DECATUR — Work is progressing toward implementation of a racial equity policy for the Decatur School District that will eventually cover everything from changes in curriculum to hiring practices to recruitment of staff.
Among the changes being considered are making African-American history, now an elective course, a required course; changing graduation requirements so that high school students would take a course either in inequality and social change or dual-credit African-American history; designing community service projects that could replace some of the service-learning hours now required; expanding the world history course to make it less western-focused; and requiring an introductory African-American history course in middle school.
The development of policy, which the Decatur Board of Education approved in August, is being undertaken by committees that include members of the board and district staff.
The curriculum committee, which includes several teachers at different grade levels, set out to examine the existing curriculum and determine how to make subjects multicultural and inclusive, said Ron Lybarger, an English teacher at Eisenhower High School.
“We are in need of equity as it pertains to people of color,” Lybarger said. “In some cases, entire curriculums might need to be revisited and modified to be more multicultural and reflective of the students we serve. In other cases, small minor adjustments, such as companion texts or multi-modal opportunities will create equity and broaden our students' comfort zones when it comes to issues of race.”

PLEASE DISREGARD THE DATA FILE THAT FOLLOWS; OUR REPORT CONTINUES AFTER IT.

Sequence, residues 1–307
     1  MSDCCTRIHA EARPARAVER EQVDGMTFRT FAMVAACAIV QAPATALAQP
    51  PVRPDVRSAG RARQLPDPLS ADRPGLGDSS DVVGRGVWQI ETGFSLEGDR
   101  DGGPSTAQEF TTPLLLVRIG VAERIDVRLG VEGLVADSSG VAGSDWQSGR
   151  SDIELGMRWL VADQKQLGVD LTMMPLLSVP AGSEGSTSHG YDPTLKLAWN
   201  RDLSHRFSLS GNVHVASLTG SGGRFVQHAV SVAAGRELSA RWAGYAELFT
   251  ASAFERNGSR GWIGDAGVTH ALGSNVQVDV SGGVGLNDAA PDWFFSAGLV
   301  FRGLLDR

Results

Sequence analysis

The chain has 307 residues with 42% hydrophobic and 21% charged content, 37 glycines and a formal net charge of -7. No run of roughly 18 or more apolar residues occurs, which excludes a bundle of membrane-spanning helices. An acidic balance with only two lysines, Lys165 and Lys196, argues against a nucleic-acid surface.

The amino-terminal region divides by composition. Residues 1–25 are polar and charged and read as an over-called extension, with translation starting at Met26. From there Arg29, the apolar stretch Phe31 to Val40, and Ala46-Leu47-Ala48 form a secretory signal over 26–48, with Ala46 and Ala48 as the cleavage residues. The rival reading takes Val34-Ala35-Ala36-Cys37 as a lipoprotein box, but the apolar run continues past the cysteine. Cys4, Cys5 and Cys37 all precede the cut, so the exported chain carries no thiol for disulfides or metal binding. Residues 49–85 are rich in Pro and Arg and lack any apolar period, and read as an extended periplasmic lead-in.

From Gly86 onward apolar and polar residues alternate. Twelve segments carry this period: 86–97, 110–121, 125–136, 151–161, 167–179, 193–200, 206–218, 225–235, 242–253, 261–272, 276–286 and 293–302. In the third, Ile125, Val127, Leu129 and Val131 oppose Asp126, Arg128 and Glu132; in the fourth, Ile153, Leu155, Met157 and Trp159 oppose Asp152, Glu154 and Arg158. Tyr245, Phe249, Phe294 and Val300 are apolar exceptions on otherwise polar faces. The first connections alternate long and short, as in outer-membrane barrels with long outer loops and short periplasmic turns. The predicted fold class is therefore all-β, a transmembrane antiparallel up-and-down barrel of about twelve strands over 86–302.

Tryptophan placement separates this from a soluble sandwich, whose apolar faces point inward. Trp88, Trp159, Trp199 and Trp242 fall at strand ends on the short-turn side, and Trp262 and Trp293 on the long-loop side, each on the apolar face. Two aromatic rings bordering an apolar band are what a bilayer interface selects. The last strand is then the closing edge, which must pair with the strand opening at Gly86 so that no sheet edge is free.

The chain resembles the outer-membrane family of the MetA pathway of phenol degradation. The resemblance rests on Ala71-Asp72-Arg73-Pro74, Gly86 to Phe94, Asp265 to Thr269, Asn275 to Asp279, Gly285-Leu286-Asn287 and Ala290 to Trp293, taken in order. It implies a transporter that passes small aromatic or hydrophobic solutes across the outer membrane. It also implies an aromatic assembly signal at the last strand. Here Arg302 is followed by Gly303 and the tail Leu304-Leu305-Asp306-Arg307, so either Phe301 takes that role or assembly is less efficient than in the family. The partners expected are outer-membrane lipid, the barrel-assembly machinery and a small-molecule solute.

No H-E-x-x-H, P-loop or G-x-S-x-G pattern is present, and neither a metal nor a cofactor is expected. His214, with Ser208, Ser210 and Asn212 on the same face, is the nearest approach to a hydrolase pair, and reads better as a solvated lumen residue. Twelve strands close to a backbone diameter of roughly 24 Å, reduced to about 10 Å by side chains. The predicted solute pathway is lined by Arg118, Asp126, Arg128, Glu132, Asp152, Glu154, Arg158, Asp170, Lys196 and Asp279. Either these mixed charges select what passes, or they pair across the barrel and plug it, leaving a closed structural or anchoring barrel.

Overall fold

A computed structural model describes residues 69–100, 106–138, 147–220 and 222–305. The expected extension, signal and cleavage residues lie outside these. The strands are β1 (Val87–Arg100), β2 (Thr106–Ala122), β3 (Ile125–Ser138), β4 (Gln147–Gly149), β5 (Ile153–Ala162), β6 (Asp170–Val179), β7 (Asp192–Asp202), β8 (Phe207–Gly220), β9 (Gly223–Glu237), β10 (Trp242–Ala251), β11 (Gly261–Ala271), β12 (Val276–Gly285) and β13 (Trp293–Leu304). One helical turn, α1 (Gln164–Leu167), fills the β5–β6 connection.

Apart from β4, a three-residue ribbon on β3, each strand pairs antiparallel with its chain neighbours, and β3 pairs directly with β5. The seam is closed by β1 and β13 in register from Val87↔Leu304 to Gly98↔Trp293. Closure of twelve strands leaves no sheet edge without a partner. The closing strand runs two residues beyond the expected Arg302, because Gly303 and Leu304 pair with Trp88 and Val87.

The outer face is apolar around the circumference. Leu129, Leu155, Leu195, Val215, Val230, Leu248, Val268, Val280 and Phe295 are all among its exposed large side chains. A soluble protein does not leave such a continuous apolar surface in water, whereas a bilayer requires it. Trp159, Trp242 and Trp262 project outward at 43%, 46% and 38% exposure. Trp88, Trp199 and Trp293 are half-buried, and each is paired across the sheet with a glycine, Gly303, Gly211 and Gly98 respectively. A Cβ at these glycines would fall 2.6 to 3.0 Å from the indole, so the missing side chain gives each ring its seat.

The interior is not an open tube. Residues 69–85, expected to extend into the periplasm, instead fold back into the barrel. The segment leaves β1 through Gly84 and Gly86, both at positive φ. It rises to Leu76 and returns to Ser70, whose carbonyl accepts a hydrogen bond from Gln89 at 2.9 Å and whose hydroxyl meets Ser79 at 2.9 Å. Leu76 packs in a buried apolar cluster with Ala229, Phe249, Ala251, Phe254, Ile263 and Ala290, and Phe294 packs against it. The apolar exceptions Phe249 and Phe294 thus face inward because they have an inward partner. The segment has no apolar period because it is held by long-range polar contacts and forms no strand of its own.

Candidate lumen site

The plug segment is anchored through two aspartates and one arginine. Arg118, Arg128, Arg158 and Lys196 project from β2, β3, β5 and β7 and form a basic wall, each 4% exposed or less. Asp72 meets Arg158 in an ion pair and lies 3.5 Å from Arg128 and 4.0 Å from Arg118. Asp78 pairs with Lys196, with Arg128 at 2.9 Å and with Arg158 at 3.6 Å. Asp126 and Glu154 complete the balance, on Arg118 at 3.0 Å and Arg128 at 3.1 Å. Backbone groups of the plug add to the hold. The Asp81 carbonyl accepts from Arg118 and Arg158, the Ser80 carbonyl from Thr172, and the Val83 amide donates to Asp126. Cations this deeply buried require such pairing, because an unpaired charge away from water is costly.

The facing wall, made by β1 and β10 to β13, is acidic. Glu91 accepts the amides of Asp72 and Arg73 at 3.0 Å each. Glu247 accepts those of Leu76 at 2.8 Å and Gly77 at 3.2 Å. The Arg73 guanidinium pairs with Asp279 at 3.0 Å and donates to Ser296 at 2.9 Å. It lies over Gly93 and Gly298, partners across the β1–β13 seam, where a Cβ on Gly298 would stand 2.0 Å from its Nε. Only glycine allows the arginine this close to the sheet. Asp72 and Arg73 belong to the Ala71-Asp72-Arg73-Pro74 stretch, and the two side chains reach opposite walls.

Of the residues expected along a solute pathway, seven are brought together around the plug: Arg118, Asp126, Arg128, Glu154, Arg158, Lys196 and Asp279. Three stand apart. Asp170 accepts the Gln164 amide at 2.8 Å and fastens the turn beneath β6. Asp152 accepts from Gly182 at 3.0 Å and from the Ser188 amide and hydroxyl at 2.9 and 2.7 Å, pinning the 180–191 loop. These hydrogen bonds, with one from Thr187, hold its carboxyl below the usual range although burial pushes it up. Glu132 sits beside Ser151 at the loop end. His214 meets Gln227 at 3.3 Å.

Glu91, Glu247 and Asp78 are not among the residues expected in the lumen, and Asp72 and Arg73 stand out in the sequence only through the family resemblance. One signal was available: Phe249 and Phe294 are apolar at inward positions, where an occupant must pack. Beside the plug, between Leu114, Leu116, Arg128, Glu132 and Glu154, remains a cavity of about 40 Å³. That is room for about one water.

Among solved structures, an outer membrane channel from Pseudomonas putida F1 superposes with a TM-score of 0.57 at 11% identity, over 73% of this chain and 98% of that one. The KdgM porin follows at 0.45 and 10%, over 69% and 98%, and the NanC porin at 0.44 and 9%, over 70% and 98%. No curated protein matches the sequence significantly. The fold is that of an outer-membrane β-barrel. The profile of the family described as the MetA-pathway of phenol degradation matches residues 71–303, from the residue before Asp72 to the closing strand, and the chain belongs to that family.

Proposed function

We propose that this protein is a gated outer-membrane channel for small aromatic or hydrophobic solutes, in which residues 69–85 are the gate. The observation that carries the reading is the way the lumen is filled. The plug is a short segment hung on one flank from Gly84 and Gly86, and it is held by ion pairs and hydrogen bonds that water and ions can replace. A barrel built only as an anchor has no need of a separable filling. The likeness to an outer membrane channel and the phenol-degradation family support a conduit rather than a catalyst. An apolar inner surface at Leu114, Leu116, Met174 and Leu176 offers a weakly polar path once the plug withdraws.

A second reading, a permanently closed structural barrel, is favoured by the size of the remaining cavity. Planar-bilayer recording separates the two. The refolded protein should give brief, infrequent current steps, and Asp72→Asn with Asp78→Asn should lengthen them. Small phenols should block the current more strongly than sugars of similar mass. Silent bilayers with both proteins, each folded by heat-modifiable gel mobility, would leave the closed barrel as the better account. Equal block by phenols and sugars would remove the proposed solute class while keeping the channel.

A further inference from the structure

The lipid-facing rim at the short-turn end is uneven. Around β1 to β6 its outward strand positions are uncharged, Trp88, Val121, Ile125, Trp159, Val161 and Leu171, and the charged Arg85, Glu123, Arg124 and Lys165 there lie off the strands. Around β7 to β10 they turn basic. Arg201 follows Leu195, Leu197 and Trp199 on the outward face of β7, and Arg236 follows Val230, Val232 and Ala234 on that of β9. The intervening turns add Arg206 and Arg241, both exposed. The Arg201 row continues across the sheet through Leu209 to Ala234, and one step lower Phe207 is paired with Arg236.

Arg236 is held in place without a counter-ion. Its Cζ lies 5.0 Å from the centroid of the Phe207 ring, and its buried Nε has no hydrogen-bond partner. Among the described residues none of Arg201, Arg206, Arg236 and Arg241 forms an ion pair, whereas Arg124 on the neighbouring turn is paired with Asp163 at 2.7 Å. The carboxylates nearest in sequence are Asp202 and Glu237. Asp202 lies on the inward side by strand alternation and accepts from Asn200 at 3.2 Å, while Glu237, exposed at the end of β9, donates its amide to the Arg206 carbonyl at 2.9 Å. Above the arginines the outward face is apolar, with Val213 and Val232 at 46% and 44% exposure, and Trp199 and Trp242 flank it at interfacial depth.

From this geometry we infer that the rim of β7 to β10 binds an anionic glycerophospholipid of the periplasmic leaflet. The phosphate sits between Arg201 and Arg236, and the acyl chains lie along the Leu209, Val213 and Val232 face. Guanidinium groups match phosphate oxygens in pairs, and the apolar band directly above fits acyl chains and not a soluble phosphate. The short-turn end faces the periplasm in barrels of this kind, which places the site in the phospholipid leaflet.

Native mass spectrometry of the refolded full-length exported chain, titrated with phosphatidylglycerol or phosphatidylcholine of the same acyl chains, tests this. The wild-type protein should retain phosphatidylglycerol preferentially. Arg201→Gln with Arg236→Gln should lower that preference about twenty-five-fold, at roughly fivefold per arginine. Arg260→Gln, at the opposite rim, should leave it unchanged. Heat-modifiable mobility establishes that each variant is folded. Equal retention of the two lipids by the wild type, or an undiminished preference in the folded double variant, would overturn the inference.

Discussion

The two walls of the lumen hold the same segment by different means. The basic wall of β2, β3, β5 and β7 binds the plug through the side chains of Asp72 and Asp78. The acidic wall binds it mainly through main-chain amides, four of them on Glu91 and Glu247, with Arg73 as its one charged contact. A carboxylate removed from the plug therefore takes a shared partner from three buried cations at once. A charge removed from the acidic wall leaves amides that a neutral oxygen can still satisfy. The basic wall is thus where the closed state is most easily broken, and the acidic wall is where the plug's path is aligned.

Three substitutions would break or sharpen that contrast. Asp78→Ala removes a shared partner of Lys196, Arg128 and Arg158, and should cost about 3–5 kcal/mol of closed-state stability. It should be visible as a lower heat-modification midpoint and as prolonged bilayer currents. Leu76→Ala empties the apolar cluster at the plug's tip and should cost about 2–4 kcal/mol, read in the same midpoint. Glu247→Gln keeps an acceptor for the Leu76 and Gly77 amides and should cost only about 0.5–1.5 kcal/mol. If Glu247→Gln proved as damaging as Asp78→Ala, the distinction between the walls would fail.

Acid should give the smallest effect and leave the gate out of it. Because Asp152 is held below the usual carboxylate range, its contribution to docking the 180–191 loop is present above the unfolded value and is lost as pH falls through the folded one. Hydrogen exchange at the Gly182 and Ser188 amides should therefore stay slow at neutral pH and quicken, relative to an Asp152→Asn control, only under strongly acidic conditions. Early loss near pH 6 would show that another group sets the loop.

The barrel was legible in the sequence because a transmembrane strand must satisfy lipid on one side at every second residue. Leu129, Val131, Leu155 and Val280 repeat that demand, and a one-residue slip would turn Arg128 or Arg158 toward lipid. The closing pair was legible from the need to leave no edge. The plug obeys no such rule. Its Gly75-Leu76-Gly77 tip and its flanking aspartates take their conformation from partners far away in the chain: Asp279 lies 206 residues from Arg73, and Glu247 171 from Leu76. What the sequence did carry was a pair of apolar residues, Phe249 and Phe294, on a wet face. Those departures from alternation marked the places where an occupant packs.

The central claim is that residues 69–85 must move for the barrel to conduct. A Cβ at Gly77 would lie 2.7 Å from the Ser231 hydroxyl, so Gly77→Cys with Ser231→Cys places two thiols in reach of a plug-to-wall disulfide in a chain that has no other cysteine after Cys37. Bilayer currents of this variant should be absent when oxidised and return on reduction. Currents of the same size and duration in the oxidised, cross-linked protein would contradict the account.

Megan Flanigan, a social studies teacher, said that means using materials that are primary sources, written by the people rather than about them by someone else: books and articles in the voices of those who are underrepresented.
Decatur schools' racial makeup is 54% African-American, 35.8% white, and the remainder a mix of other races and students who are two or more races.
“Ultimately, it is our recommendation that our (professional learning community) work ongoing in this district should be to evaluate our curriculum,” Lybarger said.
With the understanding that the COVID-19 pandemic could force changes to those plans, the goal is to have content-specific rubrics prepared by January, with final revisions in May.
“One of my biggest things was, I wanted this to be board-driven,” Beth Creighton, a member of the school board, said of the process. “So I spoke to the board and asked them which sections of the resolution spoke to them and where they thought they could be most helpful.”
The board members worked with the committees, and the plan contains 13 sections.
“In addition to just finding that this work is really meaningful and can create lasting change for the district, I was excited to have direct interaction with the staff,” said board President Beth Nolan. “When (Assistant Superintendent Jeff) Dase and I first met, we had ideas, but they were so much more meaningful coming from educators on the front lines.”